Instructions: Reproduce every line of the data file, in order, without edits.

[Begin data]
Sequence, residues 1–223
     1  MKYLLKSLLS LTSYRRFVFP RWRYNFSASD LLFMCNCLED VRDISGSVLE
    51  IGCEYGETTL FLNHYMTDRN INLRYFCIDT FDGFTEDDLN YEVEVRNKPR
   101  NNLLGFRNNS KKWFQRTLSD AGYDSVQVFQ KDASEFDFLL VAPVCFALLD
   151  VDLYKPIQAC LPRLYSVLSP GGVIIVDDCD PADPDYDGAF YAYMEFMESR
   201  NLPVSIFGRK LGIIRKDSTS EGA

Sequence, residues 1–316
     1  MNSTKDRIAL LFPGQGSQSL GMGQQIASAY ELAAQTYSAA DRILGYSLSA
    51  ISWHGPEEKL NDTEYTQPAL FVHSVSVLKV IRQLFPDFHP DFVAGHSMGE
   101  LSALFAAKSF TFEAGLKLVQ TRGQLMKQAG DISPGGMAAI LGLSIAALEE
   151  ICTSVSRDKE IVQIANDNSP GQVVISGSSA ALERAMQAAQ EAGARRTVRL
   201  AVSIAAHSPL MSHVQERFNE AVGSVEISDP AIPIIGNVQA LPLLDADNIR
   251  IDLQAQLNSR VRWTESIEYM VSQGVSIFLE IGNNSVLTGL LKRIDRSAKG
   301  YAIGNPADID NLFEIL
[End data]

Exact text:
Sequence, residues 1–223
     1  MKYLLKSLLS LTSYRRFVFP RWRYNFSASD LLFMCNCLED VRDISGSVLE
    51  IGCEYGETTL FLNHYMTDRN INLRYFCIDT FDGFTEDDLN YEVEVRNKPR
   101  NNLLGFRNNS KKWFQRTLSD AGYDSVQVFQ KDASEFDFLL VAPVCFALLD
   151  VDLYKPIQAC LPRLYSVLSP GGVIIVDDCD PADPDYDGAF YAYMEFMESR
   201  NLPVSIFGRK LGIIRKDSTS EGA

Sequence, residues 1–316
     1  MNSTKDRIAL LFPGQGSQSL GMGQQIASAY ELAAQTYSAA DRILGYSLSA
    51  ISWHGPEEKL NDTEYTQPAL FVHSVSVLKV IRQLFPDFHP DFVAGHSMGE
   101  LSALFAAKSF TFEAGLKLVQ TRGQLMKQAG DISPGGMAAI LGLSIAALEE
   151  ICTSVSRDKE IVQIANDNSP GQVVISGSSA ALERAMQAAQ EAGARRTVRL
   201  AVSIAAHSPL MSHVQERFNE AVGSVEISDP AIPIIGNVQA LPLLDADNIR
   251  IDLQAQLNSR VRWTESIEYM VSQGVSIFLE IGNNSVLTGL LKRIDRSAKG
   301  YAIGNPADID NLFEIL